Pumped Storage, Explained

Pumped storage plants are basically hydroelectric generators built as a means to store electrical energy. While similar in design to hydroelectric plants, pumped storage plants do not produce any net electricity. They consume electricity from the power grid by pumping water uphill for storage, and then return a portion of that electricity to the grid at a later time by allowing that water to run back downhill through generators.

This process is illustrated below. Electricity supplied by power generating plants on the grid spins turbines in the powerhouse, pumping water from a lake, river, ocean or lower reservoir, into an upper reservoir where the power is stored. Later, the water is released from the upper reservoir back down into the lower reservoir. This spins the turbines in the opposite direction, driving the generators to produce electricity.


 

The idea is that when a power utility company has excess generating capacity, it uses electricity to pump water from a lower reservoir, uphill to the upper reservoir. Later when extra electricity is needed, the water can be released back down the pipes to turn the hydroelectric generator. The levels in both reservoirs can be expected to vary significantly over a 24 hour period as water is alternately drained and pumped back.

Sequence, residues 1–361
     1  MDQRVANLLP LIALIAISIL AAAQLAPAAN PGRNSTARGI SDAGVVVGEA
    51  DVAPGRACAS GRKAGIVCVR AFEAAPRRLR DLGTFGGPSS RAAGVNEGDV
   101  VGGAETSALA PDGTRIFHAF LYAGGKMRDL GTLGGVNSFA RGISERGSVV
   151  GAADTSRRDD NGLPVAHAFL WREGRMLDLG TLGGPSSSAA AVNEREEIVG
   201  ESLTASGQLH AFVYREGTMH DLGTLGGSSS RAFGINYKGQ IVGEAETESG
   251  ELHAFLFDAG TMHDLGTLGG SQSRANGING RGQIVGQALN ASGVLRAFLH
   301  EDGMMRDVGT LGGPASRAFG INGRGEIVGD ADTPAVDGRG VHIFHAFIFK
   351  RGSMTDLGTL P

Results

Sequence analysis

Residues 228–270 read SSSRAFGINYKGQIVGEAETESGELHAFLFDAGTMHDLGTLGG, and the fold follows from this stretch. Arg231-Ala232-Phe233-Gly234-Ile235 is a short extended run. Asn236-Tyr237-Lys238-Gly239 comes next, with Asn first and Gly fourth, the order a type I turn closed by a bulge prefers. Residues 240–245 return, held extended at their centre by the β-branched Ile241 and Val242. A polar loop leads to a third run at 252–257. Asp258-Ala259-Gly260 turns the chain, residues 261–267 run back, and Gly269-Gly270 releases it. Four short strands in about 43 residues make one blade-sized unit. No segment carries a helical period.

A pumped storage plant returns only about 75% of the energy it uses back to the power grid because of inefficiencies and losses in the process. For example, a pumped storage plant capable generating 300 megawatts would consume 400 megawatt pumping the water uphill and return only 300 megawatts of that, representing a net loss of 100 megawatts to the power grid capacity.  For this reason, pumped storage plants are measured in negative number in the overall national energy plans.(e.g.  -100 megawatts ).

Because nuclear and coal fired power plants run most efficiently at full power and produce very cheap power, they are an excellent match to pumped storage. Although the utility company does lose money constructing, operating and fueling the power needed to pump water up and down at a storage plant, those costs can be recovered by selling the stored electricity to consumers at higher price during times of peak demand.

Pumped storage is also being considered for use with wind generators, which cannot be reliably counted on to produce their power at time of peak electrical demand.

With an increased focus on energy efficiencies and more expensive generating technologies like wind and solar, it is becoming difficult to justify the environmental footprint and  large amounts of energy wasted with pumped storage. Smart grid technologies are being developed which minimize or completely avoid physical energy storage through sophisticated large-scale grid usage monitoring, load balancing and energy forecasting models.

Short animation showing the water and electricity flows:

 
 
Locations of Pumped Storage Plants
 
 
 

PHOTOS


Penstocks Feeding Into a Lower Reservior

 

Impound Dams and Reservoir

 

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